Judd and Nunnally argue that the FBI covert employee and the FBI confidential human sources need to have their identities protected in part to avoid potential reprisals from ISIS, though they say there are no specific threats against the witnesses that have been identified.

“ISIS itself is … world renowned for its violent conduct,” said the motion from Judd and Nunnally. “They have in the past published the names and addresses of U.S. troops and encouraged its followers in America to ‘deal with’ them … there is a legitimate risk that publicly revealed identifying information concerning the undercover witnesses could lead to unacceptable, and wholly unnecessary, risk.”

The FBI-affiliated witnesses also should be allowed to testify anonymously because disclosing their identities “would jeopardize ongoing undercover investigations in which they were, or in which they are, currently involved,” the prosecutors argue.

In a separate motion, federal prosecutors have asked the court to allow into evidence four documents, three of which purport to contain identifying information supplied by Ramic and his two co-conspirators to ISIS’s “general border administration” in what is described as a “Mujahid information form.”

“This form was one way in which ISIS attempted to accurately record and track the attributes of the tens of thousands of foreign fighters flooding its ranks,” said the motion filed by Judd and trial attorney Jessica Fender of the U.S. Department of Justice.

The prosecutors say this information came into the FBI’s possession in 2015 in a thumb drive provided by a confidential source, who obtained it “through a sub-source in Raqqa, Syria who, in turn, claimed the information had been obtained from an unidentified male in Raqqa, Syria.”

“That unidentified male claimed to have found the information in a ‘bombed out building’ near the Raqqa stadium,” the prosecutors’ motion said. “The unidentified male who provided the information did so in exchange for monetary compensation.”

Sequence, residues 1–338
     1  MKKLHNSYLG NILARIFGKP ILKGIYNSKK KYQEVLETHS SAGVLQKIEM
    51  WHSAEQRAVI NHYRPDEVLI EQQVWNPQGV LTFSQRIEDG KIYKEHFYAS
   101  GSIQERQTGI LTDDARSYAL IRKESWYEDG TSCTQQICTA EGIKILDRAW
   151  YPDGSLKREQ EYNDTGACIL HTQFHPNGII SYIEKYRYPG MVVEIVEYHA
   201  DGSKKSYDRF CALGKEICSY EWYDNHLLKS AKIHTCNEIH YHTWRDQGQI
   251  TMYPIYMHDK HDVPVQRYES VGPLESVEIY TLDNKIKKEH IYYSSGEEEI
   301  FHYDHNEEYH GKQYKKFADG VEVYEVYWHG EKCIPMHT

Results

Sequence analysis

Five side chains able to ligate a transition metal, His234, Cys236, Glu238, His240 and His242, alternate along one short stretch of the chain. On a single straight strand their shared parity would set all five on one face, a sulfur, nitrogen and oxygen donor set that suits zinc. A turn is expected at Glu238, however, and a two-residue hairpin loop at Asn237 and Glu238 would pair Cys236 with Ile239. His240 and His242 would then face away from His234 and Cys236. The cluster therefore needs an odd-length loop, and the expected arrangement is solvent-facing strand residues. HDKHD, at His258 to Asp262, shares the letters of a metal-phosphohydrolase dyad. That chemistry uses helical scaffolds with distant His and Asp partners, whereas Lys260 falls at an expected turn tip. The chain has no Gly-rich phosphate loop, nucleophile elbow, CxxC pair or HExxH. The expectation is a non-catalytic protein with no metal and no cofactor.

Ramic’s attorney, federal public defender Scott Wendelsdorf, has not yet filed a response to those motions.

Wendelsdorf filed a motion earlier this month seeking to prevent the government from mentioning at trial Ramic’s attempted travels to Yemen in 2010 and Saudi Arabia in 2011 or 2012.

Court documents allege that Ramic had gone to Yemen to attend a religious school but was turned away when he failed to obtain a student visa, and that he applied to a school in Saudi Arabia as well.

Wendelsdorf argues that it would be “wholly disingenuous” for the government to claim that those earlier travel efforts are evidence of the crimes for which he is charged, and that the government is in effect trying to “tell the jury that the defendant is likely to have committed the charged offenses because he is a Muslim.”

“No link exists between the alleged acts charged in the indictment and the attempts to enter Islamic universities some years before,” Wendelsdorf said in his motion. “Tying (Ramic) to these earlier efforts does nothing to show that he is guilty of the allegations in this case – other than to support the argument that defendant is the kind of person who engages in ‘violent jihad.’ ”

A final pretrial conference is set for May 21.